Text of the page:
• Greenflame

        Peter Paddon talks about this sense of always being solitary, even when you are in a Trad or group of sort, in his “Crooked Path” book and on one of his podcasts. Good insight.

      • http://omo.peacockfairy.com/ Ruadhán J McElroy

        I truly believe the eclectic/solitary/non-initiatory VS traditional dichotomy is false.  It’s like arguing whether Protestants or Catholics are better. It’s silly and futile.

        I have eerily similar things to say about “recon VS ‘neopagan’” discussions in the Hellenic community.

  • John

    Congratulations! Into what tradition were you initiated?

    • http://www.patheos.com Star Foster

      Ravenwood tradition (“RavenStone line”) via Grove of the WillowWood.

  • John

    Congratulations! Into what tradition were you initiated?

    • http://www.patheos.com/ Star Foster

      Ravenwood tradition (“RavenStone line”) via Grove of the WillowWood.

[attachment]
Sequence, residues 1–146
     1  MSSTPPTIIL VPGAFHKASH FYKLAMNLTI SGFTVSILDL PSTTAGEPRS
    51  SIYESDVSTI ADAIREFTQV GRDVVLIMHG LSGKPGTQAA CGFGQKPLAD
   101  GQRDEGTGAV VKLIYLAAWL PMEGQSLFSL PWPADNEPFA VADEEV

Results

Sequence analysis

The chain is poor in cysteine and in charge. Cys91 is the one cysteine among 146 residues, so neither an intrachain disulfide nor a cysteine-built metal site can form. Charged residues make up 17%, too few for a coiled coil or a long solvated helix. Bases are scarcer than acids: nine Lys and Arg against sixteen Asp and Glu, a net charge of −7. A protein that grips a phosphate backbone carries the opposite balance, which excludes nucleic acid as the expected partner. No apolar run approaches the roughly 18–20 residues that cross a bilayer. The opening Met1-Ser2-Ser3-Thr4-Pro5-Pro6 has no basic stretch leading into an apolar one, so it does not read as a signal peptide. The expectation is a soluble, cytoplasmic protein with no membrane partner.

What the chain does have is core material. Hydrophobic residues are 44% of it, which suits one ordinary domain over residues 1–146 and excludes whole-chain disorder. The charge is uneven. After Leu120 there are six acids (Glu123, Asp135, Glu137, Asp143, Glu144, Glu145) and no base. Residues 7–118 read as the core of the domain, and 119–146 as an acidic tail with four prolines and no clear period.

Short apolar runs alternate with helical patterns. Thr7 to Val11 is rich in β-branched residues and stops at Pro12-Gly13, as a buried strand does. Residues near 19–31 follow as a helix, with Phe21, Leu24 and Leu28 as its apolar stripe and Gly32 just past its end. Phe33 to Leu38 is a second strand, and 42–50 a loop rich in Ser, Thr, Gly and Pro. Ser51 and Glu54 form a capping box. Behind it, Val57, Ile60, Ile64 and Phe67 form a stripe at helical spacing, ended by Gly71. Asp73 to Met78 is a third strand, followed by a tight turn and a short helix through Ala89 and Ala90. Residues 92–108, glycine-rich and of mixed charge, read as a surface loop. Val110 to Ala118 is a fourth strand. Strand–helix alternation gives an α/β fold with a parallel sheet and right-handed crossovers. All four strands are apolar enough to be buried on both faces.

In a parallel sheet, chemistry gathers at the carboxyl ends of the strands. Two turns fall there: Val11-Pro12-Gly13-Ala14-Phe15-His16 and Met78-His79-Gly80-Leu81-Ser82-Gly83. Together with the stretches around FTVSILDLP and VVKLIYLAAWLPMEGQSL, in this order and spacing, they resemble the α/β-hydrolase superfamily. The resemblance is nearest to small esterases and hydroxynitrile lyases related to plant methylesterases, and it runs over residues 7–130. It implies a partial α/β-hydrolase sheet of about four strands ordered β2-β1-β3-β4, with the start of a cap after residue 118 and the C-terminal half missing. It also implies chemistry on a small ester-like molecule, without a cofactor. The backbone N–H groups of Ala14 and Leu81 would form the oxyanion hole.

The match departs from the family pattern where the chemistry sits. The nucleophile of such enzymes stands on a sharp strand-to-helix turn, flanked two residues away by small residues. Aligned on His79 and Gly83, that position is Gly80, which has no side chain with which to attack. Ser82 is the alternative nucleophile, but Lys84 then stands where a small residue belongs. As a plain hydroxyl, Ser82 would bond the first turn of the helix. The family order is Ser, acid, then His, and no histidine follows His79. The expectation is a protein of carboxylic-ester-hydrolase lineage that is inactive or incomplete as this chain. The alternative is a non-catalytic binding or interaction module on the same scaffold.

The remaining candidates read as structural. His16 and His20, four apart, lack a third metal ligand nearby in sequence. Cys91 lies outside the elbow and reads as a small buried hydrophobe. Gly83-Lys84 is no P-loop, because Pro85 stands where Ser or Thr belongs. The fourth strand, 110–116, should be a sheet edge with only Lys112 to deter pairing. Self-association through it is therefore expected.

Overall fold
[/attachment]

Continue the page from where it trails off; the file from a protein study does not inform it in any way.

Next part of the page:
• kenneth

    All very good advice. Had I listened to my own heart and that of others I trusted and even my own divinations, I would not have initiated into my old group. On the other hand, I now consider that ordeal to be part of the journey I was meant to take. It forced me to grow as a person and a witch in ways I probably would not have had I managed to hang on there or found some other more comfortable coven. To me the path of a witch is all about self discovery and a journey toward wisdom which is, by its nature, filled with ordeals. 

     All of these quests within the journey are initiations. The death of something within you or your life, and the birth of another.  The ordeal of a fundamental betrayal by one’s teachers and spiritual “parents” is, of course, not one many would knowingly choose. However, the wisdom and gifts resulting from that ordeal in hindsight made the whole thing worth it. I am not troubled by the oaths I took. The most important of those were to the Lord and Lady. Those still hold. Those made to people or institutions are held together by good faith. Deliberate dishonor renders those obligations null and void. In my worldview, oath breakers and those who take advantage of their power over others are just about the lowest forms of life. I don’t owe them common decency, let alone the sort of loyalty my own oaths promised in good faith.